The six multi-instrumentalists that comprise the Minneapolis band ZuluZuluu–rapper Greg Grease, Proper-T, Myk, Trelly Mo, DJ Just 9, and ΔRT PΔRTE–are well-known in a city famous for its soul, funk and hip-hop scenes. Since forming in 2013, they’ve performed concerts with Femi Kuti, Busdriver, Dam-Funk and other touring artists, and have earned a reputation as an exuberant live act. The collective’s debut, What’s the Price?, fulfills that promise with a startling and imaginative suite of fuzzy synth-funk, from the impassioned title track’s indictment of police brutality—which seems particularly timely in light of the recent shooting of Philando Castile by St. Anthony, MN law enforcement on July 6—to sensuous electro-love crushes like “On Our Way” and “Bicycle Seat.” It’s a sign that the group may be destined to become more than local heroes, while reflecting their Afrofuturistic ideals and lineage as the latest manifestation of the Minneapolis sound.
When did ZuluZuluu form?
Greg Grease: We formed ZuluZuluu in 2013.
Myk: It really just happened over time. It was a culmination of us making music together. Individually, I met Greg first through doing some production for him as well as some video production work for him. We’d jam and do music together. Then I met the rest of the guys through Greg. We all met and were intermingling through doing music. I think Greg had the idea of having the band—he was the one who was, like, “We may as well just do this.”
Greg: Me and Just Nine, we connected through a group that we were in in 2005 called the Usual Suspects. It was a rap group that we were in with three other guys. So we were doing that for a while. When we stopped, I started doing my own solo thing, and Just Nine stayed on as my DJ. So we always had a connection. [During my solo career is] when Myk came into play. Me and Proper-T are cousins, so we would always make music together. As Myk was saying, it’s just a culmination of us coming together after many years of making music together, and deciding that we would team up.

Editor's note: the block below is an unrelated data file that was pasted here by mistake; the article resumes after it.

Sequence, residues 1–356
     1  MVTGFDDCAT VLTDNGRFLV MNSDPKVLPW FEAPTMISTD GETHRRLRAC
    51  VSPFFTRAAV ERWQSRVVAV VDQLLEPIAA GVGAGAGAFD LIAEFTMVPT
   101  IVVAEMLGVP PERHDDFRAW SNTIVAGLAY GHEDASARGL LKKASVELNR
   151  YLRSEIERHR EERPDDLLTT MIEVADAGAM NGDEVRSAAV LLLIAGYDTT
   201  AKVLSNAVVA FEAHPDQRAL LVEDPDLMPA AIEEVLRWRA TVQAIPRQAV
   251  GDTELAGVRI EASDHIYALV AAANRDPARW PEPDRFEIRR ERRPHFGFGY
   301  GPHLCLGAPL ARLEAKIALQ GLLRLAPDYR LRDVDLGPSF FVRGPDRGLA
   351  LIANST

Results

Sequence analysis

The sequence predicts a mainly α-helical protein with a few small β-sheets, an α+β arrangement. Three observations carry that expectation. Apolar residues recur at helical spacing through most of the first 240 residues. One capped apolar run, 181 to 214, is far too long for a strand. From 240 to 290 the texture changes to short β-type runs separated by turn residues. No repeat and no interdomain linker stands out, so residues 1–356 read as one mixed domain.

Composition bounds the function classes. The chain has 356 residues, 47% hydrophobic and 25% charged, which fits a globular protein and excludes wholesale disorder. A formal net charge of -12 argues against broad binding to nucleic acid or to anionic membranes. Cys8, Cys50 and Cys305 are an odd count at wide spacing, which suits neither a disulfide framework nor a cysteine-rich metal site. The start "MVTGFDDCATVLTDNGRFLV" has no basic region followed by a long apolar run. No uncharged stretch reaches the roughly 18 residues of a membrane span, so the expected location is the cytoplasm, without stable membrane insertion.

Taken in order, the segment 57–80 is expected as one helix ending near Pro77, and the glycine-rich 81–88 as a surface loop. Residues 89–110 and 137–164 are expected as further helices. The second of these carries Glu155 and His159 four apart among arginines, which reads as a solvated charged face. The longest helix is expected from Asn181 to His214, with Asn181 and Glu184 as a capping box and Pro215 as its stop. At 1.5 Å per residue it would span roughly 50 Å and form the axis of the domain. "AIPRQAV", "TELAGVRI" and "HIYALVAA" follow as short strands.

Judging by ZuluZuluu’s music and visuals, it seems like you have a specific aesthetic you want to communicate.
Proper-T: It’s interesting you say that. We’re all super different, but one thing we share in common is love for the music and love for the studio work as well. When we get into the studio together, it feels like something super thick and deep.
ΔRT PΔRTE: Also, the love for the tradition of music, and tradition in general.
Greg: I would also have to say that me and [ΔRT PΔRTE] played in a funk band several years ago. For me, that was a major influence on this project. It was us coming back together in a new, updated version. I think that had a lot to do with the aesthetic and the overall art direction of what we’re doing.
Myk: And at the same time, we’re black artists. Our aesthetic is a reflection of us as black artists. Our perspective comes from that, and a focus for us is Afrofuturism and uplifting black folks in the music.
On the album artwork, all of you are wearing colorful African-inspired clothing, and many of you are adorned with facial jewelry.
Greg: That’s our style. That’s how we dress most commonly. When we were thinking of the art direction for this project, we wanted to show our personal style, and bring a different flavor than what’s going on currently in music.
How did you discover “Black Maybe,” the Syreeta Wright track that you cover?
Greg: DJ Just Nine, he’s a digger. We’re all diggers and beat makers individually. So it’s a part of record digging, paying homage and reflecting on where we come from.
Myk: Growing up, all of our parents were heavy into music, and they all had records and whatnot. We all just got indoctrinated into soul and funk music as youth. We’ve done other covers that we haven’t recorded. We definitely appreciate the ancestors and those who did this music thing before us, so [“Black Maybe”] was us paying tribute to that. The subject matter of the song still resonates even in 2016, so it was like, ‘Why don’t we do this song, now since it’s still so potent.’ It’s really just about the struggle that black folks go through, in terms of oppression and racism. You know, kinda keeping your head up as you go through this—not succumbing to the struggle, but rather getting stronger from the struggle.
Greg: It’s non-religious uplift music.
Proper-T: Our music is deeply spiritual. It’s something that we stand by. But I think what Greg means by ‘not religious’ is that it’s a little unorthodox, and it’s also all-encompassing. Personally, I’m influenced by and have relationships with people from all different walks of life. All of us do. I think the term “religious” is a little limiting. But when you listen to it, you do feel a spiritual dimension.